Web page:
InfluxDB - Install and configure InfluxDB
As discussed above, InfluxDB is a stable, reliable, timeseries database. Tuned for storing our metrics for long term trending. For this environment we are going to install a single small node. Optimizing and scaling are a topic in and of themselves. To ease installation and maintenance, InfluxDB will be installed using the ansible-influxdb role.
The following Ansible playbook configures the ansible-influxdb role to listen for opentsdb messages from our Netdata instance.
--- - hosts: influxdb vars: influxdb_config: true influxdb_version: 1.5.1 influxdb_admin: enabled: true bind_address: "0.0.0.0" influxdb_opentsdb: database: netdata enabled: true influxdb_databases: - host: localhost name: netdata state: present roles: - role: ansible-influxdb
A quick breakdown of the settings supplied:
- Configure influxdb rather than use the default config
- Use influxdb 1.5.1
- Enable the admin interface
- Have InfluxDB listen for opentsdb messages and store them in the
- Create the netdata database
After this playbook run is successful, you will have an instance of InfluxDB collecting stats from your Netdata proxy!
Did it work?
If both playbooks ran successfully, system metrics will be flowing something like this:
nodes ==> netdata-proxy ==> influxdb
You can confirm this by logging into your InfluxDB node and running the following commands:
Check that InfluxDB is running:
# systemctl status influxdb ● influxdb.service - InfluxDB is an open-source, distributed, time series database Loaded: loaded (/lib/systemd/system/influxdb.service; enabled; vendor preset: enabled) Active: active (running) since Sat 2018-04-14 18:29:03 UTC; 9min ago Docs: https://docs.influxdata.com/influxdb/ Main PID: 11770 (influxd) CGroup: /system.slice/influxdb.service └─11770 /usr/bin/influxd -config /etc/influxdb/influxdb.conf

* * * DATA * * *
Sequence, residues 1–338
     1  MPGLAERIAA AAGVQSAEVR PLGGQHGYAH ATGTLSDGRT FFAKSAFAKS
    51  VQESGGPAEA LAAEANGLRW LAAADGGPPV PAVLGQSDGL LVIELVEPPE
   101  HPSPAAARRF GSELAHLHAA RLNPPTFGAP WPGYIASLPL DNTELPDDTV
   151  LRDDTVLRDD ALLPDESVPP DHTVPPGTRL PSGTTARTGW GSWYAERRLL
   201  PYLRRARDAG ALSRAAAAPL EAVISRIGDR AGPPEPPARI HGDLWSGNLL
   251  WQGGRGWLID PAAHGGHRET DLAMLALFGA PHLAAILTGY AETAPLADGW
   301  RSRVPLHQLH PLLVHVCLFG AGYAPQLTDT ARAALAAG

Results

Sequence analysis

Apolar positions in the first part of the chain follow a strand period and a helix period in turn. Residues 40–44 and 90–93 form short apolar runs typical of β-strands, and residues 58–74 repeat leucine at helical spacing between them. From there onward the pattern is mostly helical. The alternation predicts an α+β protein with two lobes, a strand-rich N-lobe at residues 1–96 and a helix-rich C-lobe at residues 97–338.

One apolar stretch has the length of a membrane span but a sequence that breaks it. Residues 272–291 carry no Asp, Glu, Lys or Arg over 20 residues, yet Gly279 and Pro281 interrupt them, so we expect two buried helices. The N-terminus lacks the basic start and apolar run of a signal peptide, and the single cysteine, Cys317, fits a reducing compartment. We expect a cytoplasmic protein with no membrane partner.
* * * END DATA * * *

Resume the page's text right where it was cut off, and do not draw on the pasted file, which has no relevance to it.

Check that the
netdata database was created:
# influx Connected to http://localhost:8086 version 1.5.1 InfluxDB shell version: 1.5.1 > SHOW DATABASES; name: databases name ---- netdata _internal
Check that the
netdata database is receiving data:
Connected to http://localhost:8086 version 1.5.1 InfluxDB shell version: 1.5.1 > use netdata; Using database netdata > show series; key --- netdata.apps.cpu.apps.plugin,host=netdata-01 netdata.apps.cpu.build,host=netdata-01 netdata.apps.cpu.charts.d.plugin,host=netdata-01 netdata.apps.cpu.cron,host=netdata-01 netdata.apps.cpu.dhcp,host=netdata-01 netdata.apps.cpu.kernel,host=netdata-01 netdata.apps.cpu.ksmd,host=netdata-01 netdata.apps.cpu.logs,host=netdata-01 netdata.apps.cpu.netdata,host=netdata-01 netdata.apps.cpu.nfs,host=netdata-01 netdata.apps.cpu.other,host=netdata-01 netdata.apps.cpu.puma,host=netdata-01 netdata.apps.cpu.python.d.plugin,host=netdata-01 netdata.apps.cpu.ssh,host=netdata-01 netdata.apps.cpu.system,host=netdata-01 netdata.apps.cpu.tc_qos_helper,host=netdata-01 netdata.apps.cpu.time,host=netdata-01 netdata.apps.cpu_system.apps.plugin,host=netdata-01
With that, you now have high resolution system metrics being collected and sent to InfluxDB for longer term storage, analysis, and more.